Skip to content

Advertisement

  • Poster presentation
  • Open Access

Superior efficacy of Adalimumab in treating childhood refractory chronic uveitis when used as first biologic

  • 1Email author,
  • 2,
  • 3,
  • 1,
  • 1,
  • 1,
  • 2,
  • 2 and
  • 1
Pediatric Rheumatology20119 (Suppl 1) :P220

https://doi.org/10.1186/1546-0096-9-S1-P220

  • Published:

Keywords

  • Infliximab
  • Sarcoidosis
  • Uveitis
  • Adalimumab
  • DMARD Treatment

Background

We previously reported that Adalimumab is more efficacious than Infliximab in maintaining remission of chronic childhood uveitis.

Aim

To compare the efficacy of Adalimumab when used as first anti-TNFα therapy versus Adalimumab used after the failure of a previous anti-TNFα (Infliximab). Open-label, comparative, multi-centre, cohort study of childhood non-infectious chronic uveitis.

Methods

26 patients (14 F, 12 M; median age: 8.6 years) with refractory, vision threatening, non-infectious active uveitis were enrolled. Due to the refractory course of uveitis to previous DMARD treatment, Group 1 received Adalimumab (24 mg/sq mt, every 2 weeks), as first anti-TNFα choice; Group 2 received Adalimumab, as second anti-TNFα drug, due to the loss of efficacy of Infliximab, after a period of at least 1 year (5 mg/kg at weeks 0, 2, 6 and then every 6–8 weeks). Both groups received Adalimumab for at least 1 year of treatment. Primary outcome was, once remission was achieved, the time to a first relapse. Time to achieve remission, and time to systemic corticosteroid discontinuation were also considered.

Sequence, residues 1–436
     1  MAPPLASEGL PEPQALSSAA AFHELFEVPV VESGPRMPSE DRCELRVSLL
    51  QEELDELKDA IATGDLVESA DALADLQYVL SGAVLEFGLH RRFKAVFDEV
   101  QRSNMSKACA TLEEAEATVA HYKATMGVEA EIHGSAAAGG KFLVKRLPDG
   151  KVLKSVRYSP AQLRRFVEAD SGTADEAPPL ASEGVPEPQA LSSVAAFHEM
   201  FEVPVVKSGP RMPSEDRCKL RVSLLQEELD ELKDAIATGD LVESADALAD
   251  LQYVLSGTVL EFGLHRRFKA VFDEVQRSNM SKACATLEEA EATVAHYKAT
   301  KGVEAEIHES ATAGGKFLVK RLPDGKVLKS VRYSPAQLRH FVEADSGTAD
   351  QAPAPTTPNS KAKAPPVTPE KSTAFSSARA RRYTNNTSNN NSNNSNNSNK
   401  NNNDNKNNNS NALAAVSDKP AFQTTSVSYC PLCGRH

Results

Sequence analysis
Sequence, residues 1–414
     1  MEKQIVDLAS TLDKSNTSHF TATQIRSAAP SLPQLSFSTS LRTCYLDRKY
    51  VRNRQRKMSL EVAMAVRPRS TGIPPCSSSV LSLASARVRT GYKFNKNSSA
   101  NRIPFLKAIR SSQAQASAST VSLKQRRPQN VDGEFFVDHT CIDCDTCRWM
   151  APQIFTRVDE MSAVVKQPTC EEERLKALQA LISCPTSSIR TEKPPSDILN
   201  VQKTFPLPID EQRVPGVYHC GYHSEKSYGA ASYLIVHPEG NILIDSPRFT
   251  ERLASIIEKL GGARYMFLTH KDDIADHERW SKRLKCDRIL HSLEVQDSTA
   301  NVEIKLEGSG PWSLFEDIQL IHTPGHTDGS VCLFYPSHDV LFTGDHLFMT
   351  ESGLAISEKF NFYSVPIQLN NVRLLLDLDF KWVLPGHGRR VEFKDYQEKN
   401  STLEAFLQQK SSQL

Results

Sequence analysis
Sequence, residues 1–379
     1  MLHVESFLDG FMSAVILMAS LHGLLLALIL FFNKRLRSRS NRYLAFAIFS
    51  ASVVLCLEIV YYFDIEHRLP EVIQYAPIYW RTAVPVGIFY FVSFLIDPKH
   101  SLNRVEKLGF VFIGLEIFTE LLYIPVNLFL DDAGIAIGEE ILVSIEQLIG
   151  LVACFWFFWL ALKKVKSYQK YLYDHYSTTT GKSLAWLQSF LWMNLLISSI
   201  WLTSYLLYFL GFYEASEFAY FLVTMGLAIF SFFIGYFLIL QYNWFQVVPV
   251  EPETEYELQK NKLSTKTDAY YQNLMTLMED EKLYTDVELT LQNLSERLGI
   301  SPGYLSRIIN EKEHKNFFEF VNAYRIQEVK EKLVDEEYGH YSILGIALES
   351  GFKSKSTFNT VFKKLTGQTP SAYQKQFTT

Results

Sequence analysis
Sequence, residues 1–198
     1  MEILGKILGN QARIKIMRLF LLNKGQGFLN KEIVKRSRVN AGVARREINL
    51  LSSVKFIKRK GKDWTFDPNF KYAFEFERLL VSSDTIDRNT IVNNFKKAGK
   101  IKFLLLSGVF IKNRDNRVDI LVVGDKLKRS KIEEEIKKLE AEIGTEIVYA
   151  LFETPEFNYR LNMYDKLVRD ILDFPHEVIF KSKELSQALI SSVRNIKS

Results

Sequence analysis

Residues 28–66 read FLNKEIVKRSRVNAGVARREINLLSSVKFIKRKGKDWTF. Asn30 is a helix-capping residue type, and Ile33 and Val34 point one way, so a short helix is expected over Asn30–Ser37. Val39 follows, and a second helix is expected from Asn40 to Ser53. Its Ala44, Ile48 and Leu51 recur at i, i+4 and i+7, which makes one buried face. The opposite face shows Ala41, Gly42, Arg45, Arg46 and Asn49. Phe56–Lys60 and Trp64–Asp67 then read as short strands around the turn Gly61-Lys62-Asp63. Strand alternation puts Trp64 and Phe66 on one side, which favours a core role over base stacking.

Results

14 children (10 with JIA, 3 with idiopathic uveitis, 1 with Behçet’s disease) were recruited in Group 1; 12 children (7 with JIA, 3 with idiopathic uveitis, 1 with early-onset sarcoidosis, 1 with Behçet’s disease) in Group 2. Cox-regression analysis did not show statistical significant differences between the two groups with regard to time to achieve remission, whilst Group 2 needed a longer time to discontinuation steroid (median ±SE: 7 ±1.7 vs 3 ±0.9 months, CI 95%: 3.6-10.4 vs 1.1-4.8, p<0.001) and a lower probability to steroid discontinuation during the first 12 months of treatment (Mantel-Cox χ2 4.12, p<0.041). In long-term follow-up, Group 1 had higher probability of uveitis remission (time to first flare) than Group 2 during the time of treatment on Adalimumab (median ±SE: 18 ±1.1 vs 4 ±0.6 months, CI 95%: 15.6-27.5 vs 2.7-5.2, Mantel-Cox χ2 10.1, p<0.002) (Figure 1).

Figure 1

Conclusions

Even if limited to a relatively small group, our study suggests a better efficacy of Adalimumab when used as first anti-TNFα treatment in chronic childhood uveitis.

Authors’ Affiliations

(1)
Anna Meyer Children’s Hospital and University of Florence, Florence, Italy
(2)
Institute of Child Health, IRCCS Burlo Garofolo, University of Trieste, Trieste, Italy
(3)
Pediatric Clinic, University of Brescia, Brescia, Italy

Copyright

Advertisement